Keeping the doshas in balance is a constant dance. The activities of our day can shift like the wind, and along with our actions, the state of our mind, digestion, and skin are also likely to change. But when we have an understanding of how an imbalance can occur, predictability is at our fingertips. Taking a look at how our regular routine can impact us is a great start, as sometimes even the things we do to stay healthy may have consequences over time. Our approach to exercise serves as a strong example. We can predict that each workout session will bring rise to the vata dosha, along with a mental and physical high. It is only with the knowledge and means of managing this surge that our exercise will continue to serve us without repercussion.
Exercise stimulates our sympathetic nervous system and leads to an increase in breathing rate, heart rate, and blood pressure. Our bodies are designed to handle this type of fluctuation, but remaining in this state for any sustained duration can become taxing. We know this from Ayurveda’s concept of accumulation. Whether an experience is viewed as positive or negative, repetition of the experience will create a slow build-up of similar qualities. Ultimately, this can make us feel unwell. As our body’s response to exercise mirrors our body’s response to stress, failure to calm and settle after a workout could lead to symptoms of increased vata, or the ether and air elements. Excess or imbalanced vata can wreak havoc on the mind and body, often creating indigestion, dryness, depletion, anxious or nervous feelings, and trouble sleeping. Yet when we establish a grounding post-workout routine, we can dodge these imbalances, keeping vata nourished and allowing the body to replenish properly. Here are five tips to get you started:
- Transition gradually. Take it slow. It is not only physical movement that contributes to increasing vata, but also hopping from one task to the next. Allowing for proper transition time after your workout, even a mere 5 minutes, can encourage a shift from the heightened state of your sympathetic nervous system towards a more grounded one. Recognizing the completion of an activity before the start of something new can also generate self-awareness and integration (think: Savasana at the end of a yoga practice). Also, the more aware you are of your body, the more easily you can identify imbalances before they truly manifest. Should you feel rushed, simply sit and pause for a few breaths, saying to yourself, “I am done with my workout. I will now begin to …”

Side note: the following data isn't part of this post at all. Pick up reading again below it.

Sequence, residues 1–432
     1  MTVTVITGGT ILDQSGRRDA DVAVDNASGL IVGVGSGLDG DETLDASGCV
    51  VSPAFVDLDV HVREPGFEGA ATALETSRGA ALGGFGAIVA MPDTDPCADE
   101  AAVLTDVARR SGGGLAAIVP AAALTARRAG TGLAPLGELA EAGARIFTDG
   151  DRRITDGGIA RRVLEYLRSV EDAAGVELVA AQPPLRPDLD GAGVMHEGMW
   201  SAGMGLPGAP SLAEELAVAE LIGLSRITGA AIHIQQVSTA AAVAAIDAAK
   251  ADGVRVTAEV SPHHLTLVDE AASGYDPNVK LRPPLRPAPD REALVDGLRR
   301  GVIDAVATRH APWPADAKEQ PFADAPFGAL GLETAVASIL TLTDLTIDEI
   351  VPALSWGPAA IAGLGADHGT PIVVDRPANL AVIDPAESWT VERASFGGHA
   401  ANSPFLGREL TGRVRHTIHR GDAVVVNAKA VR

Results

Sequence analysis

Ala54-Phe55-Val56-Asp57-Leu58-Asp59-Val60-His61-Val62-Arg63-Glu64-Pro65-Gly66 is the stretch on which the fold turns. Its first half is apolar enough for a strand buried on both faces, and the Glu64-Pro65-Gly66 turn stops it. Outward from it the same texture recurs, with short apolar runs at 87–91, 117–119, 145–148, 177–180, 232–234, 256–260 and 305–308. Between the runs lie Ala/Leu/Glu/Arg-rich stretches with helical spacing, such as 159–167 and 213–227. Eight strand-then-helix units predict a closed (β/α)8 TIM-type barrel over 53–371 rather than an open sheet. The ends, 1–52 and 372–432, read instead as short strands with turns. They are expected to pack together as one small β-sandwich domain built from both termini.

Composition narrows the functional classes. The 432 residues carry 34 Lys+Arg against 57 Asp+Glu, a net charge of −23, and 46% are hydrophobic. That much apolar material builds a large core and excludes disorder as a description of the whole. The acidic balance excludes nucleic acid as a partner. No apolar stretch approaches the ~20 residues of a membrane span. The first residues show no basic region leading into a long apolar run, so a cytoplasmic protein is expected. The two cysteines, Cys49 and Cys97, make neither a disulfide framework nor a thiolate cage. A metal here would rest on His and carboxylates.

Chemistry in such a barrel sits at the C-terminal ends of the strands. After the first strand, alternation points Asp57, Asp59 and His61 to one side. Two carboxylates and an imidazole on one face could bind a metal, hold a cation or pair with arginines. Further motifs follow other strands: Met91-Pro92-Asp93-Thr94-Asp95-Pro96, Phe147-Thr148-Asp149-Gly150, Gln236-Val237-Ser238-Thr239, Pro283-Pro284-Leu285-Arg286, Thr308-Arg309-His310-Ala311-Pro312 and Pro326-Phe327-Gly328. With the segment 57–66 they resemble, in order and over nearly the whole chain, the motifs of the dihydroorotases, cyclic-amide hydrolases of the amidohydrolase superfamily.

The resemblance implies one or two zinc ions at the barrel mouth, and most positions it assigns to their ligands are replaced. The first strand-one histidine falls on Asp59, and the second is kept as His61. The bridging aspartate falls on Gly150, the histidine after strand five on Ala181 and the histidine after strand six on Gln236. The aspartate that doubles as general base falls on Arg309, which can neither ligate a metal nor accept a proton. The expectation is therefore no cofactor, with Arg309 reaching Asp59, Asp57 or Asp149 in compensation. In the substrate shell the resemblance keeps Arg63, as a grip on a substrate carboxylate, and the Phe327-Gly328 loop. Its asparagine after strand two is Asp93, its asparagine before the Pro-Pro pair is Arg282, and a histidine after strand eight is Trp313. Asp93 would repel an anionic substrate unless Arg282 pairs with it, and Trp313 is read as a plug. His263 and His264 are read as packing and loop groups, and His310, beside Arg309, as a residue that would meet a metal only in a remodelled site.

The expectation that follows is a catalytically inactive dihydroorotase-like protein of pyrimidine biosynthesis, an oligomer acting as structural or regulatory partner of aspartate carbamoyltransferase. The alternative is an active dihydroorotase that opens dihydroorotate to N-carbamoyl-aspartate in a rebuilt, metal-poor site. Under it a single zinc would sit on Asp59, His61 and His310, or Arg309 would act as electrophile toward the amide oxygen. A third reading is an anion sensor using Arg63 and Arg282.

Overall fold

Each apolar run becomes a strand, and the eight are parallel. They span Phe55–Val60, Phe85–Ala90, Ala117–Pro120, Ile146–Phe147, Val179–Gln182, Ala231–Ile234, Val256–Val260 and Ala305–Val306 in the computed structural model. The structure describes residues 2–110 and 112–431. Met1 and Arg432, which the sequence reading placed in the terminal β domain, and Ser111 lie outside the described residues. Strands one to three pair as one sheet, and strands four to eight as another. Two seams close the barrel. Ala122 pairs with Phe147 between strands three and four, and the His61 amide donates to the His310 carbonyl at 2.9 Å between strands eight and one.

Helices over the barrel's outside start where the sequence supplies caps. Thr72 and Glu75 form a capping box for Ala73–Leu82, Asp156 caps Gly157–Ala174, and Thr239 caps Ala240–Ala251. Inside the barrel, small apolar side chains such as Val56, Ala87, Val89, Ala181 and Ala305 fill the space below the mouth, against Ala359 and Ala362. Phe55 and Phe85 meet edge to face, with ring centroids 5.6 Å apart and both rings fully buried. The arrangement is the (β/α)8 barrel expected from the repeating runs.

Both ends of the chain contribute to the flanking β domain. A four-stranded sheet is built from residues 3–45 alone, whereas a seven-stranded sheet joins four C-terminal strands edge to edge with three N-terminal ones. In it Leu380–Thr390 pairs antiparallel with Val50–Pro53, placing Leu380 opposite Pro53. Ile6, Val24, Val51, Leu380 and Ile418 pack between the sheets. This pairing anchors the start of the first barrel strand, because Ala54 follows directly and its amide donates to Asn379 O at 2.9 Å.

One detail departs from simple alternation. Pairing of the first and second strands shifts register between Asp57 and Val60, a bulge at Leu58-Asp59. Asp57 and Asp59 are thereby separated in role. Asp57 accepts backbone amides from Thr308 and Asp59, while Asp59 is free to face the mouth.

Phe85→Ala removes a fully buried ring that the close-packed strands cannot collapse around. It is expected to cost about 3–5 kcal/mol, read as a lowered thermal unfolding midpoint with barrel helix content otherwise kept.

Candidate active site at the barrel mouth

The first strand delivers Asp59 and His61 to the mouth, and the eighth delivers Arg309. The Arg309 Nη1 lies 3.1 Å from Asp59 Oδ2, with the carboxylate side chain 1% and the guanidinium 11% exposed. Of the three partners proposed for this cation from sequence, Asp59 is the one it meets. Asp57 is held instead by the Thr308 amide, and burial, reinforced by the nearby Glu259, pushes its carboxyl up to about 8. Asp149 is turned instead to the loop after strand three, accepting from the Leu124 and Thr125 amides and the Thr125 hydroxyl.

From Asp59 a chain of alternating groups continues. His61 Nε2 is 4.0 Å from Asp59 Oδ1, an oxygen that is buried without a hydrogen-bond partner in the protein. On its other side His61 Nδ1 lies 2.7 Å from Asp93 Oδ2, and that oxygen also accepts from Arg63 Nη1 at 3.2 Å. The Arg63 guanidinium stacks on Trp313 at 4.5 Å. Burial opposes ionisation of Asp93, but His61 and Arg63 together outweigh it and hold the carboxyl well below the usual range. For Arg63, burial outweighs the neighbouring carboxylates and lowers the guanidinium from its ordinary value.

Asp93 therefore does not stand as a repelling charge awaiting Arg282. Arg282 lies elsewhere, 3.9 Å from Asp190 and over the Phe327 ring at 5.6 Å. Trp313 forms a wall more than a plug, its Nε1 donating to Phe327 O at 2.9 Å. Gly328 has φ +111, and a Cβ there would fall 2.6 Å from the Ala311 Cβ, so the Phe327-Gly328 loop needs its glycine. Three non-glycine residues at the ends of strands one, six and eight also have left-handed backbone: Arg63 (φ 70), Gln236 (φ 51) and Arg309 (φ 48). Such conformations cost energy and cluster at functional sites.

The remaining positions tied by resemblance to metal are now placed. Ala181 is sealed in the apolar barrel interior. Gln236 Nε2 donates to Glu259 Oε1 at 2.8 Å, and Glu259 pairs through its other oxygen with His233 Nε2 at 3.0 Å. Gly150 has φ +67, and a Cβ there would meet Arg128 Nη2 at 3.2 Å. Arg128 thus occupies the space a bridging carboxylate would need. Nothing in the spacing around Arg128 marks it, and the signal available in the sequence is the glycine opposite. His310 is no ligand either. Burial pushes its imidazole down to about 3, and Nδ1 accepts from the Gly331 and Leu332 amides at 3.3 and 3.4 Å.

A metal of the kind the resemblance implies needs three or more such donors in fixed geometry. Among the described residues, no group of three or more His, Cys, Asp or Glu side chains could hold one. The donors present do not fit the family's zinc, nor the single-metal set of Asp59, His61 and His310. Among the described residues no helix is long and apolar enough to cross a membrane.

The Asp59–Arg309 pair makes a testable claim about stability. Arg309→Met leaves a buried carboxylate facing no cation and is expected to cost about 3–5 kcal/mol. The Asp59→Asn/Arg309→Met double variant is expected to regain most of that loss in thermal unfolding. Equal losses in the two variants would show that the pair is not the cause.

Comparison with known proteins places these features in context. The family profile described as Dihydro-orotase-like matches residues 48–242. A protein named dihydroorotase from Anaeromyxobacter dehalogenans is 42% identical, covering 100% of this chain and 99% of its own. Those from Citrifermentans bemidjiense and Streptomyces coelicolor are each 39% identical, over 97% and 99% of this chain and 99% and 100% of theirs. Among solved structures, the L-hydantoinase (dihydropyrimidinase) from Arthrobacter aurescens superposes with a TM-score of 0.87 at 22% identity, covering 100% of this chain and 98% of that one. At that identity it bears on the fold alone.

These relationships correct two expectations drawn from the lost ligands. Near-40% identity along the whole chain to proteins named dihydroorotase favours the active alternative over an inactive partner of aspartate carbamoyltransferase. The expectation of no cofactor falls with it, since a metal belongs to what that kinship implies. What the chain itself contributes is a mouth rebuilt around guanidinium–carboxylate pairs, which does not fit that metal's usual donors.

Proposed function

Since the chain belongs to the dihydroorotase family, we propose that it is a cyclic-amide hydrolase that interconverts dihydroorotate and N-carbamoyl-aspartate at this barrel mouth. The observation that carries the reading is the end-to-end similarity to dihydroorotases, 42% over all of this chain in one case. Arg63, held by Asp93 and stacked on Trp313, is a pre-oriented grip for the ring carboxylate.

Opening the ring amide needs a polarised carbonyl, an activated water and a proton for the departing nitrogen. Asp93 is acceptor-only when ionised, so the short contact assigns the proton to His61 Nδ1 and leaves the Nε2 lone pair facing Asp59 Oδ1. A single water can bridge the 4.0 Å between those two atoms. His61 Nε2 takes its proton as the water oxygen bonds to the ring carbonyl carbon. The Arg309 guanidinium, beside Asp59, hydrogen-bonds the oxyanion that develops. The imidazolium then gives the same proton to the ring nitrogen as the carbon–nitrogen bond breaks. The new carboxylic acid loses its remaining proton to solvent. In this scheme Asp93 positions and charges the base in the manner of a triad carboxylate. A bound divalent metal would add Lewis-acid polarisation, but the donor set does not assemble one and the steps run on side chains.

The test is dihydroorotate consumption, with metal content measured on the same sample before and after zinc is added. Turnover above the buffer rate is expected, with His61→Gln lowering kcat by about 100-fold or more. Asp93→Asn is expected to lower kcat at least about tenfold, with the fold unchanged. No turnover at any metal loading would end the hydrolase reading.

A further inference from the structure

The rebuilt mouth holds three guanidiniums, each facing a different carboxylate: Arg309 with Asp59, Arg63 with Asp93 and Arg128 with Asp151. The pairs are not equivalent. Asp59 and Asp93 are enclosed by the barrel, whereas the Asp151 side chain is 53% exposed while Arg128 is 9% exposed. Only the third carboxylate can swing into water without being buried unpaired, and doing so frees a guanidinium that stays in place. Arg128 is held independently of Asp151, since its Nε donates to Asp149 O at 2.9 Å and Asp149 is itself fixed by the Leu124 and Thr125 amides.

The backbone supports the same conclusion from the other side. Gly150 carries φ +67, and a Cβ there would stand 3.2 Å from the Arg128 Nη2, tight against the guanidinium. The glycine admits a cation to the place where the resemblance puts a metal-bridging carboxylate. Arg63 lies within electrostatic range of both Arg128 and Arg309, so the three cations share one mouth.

- Stretch to reduce stress. Take a cue from your yoga asana practice and stretch after your workout. While stretching, tend not only to the muscles involved in your exercise session, but also those that bear the brunt of repetitive action during your day. The usual suspects include your chest and shoulders because of the abundance of time most of us spend on computers and phones. Coincidentally, these muscles are prone to excessive contraction when under stress due to the instinct to guard and protect. This area can be targeted through a mild, passive backbend. Roll up a blanket or a towel and, laying down on your back, place it lengthwise along your spine from your head to the top of your sacrum. Stretch your arms out from your sides with your palms facing up. Take deep breaths to allow for full expansion of your ribcage. Stay for 2–3 minutes.